The study of Art, then, will teach the amateur to observe and to appreciate. And this, believe me, is no small gain. He may never attain much practical skill in the art which he loves ; a lifetime of labour is all too little for that. But if it teaches him in some small measure to appreciate that in which he himself has failed, it will have done for him a good and kindly office. Much of the master-work of the world is only to be understood by patient study and reverent attention. But, giving these, his art will, Columbus-like, open a new world before him.

V. OF THE PROFESSIONS. Having lately returned home after a short absence, on going into my study I found to my dismay that the busy hand of womankind had been at work

there in a laudable endeavour to put things to rights. I need scarcely say that this bad resulted in putting every thing out of its place. My papers (amongst which were sundry jottings for these “Essays ") having been left on the table in apparent disorder, though in reality they were arranged after a certain scientific method of my own, by which I can at once lay my hand upon whatever I want, had borne the brunt of the attack. Some had been crumpled up and thrust into the waste-paper basket; others, more for tunate, had simply been shufiled into neatness and inextricable confusion. So that I inwardly determined that for the future I would write all memoranda upon pieces of paper cut into such patterns as dressmakers use, which are, I believe, regarded by the feminine mind as things sacred and mystical. But, if my papers were disordered, my books had equally suffered at the neat hands of Phillis. No author was in his right place. Dr. Pusey and Dr. Close, whom I had left divided by a long array of Apostolic Fathers, were now elbowing each other for room on the shelf; and Colenso's “Pentateuch and Book of Job” occupied the place which had hitherto been filled by “Pearson on the Creed.”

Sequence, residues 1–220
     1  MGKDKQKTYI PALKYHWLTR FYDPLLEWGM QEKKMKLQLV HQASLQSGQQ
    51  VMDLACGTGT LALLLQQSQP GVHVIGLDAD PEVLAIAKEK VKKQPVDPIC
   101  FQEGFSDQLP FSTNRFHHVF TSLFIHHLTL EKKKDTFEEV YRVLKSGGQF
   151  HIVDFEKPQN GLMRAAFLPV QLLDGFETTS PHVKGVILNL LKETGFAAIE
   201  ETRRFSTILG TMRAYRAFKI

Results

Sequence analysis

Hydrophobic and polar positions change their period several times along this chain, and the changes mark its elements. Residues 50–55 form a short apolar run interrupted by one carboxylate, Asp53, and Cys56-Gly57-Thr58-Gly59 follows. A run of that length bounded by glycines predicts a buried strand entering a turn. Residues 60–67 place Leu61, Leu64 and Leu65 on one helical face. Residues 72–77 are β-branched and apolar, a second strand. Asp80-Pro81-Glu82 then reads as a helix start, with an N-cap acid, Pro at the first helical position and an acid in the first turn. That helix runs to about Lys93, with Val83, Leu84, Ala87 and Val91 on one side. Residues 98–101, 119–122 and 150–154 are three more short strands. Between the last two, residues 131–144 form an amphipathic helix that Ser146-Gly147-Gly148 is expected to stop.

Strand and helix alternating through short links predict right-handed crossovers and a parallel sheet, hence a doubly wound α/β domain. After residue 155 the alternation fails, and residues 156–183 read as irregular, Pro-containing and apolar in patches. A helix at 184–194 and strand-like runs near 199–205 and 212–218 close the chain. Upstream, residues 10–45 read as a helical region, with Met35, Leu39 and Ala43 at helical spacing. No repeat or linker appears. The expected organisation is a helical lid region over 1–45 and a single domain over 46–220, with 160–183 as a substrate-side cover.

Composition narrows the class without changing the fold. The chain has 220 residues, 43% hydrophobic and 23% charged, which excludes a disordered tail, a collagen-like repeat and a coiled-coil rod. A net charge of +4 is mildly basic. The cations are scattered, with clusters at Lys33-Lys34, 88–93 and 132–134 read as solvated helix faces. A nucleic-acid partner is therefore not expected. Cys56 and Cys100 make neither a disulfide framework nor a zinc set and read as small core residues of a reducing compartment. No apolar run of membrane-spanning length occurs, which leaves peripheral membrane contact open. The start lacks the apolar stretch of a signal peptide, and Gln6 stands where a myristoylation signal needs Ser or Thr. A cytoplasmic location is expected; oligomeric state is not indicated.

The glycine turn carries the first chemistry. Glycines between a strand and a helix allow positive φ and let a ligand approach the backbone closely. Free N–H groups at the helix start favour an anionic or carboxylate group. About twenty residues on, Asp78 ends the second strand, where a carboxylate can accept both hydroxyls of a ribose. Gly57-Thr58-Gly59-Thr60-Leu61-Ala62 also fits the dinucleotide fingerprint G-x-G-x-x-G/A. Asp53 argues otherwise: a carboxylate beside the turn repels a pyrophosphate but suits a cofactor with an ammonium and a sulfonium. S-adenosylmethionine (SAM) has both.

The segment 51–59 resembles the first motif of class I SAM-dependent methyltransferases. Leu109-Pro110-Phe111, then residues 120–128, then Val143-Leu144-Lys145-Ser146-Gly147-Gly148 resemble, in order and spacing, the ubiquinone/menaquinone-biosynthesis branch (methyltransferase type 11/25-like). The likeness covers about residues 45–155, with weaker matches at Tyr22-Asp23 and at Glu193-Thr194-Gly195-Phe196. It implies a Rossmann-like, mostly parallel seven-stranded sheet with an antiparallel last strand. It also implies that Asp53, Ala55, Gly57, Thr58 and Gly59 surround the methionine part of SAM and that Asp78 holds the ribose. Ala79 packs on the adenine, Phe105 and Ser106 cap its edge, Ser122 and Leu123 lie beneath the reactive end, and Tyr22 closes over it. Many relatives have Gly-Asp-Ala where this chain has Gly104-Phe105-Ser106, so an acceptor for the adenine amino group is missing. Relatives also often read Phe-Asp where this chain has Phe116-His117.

Whilst I looked with a smile at these incongruities, I could not help being reminded of something akin to this which I see in every-day life-I mean the incongruity between many men of my acquaintance and the profession they have adopted. In looking round about me in the world, it often seems as if some bustling hand had been at work on a large scale in putting men out of their proper places. Here are the men and the professions. But they seem in many cases to have been joined together upon the principle which somebody recommends for marriages :—“ Write the names of the candidates on slips of paper, put them in a bag, shake well together, and then draw them out by two and two." To be sure this haphazard way of doing things would occasionally produce a good result ; and we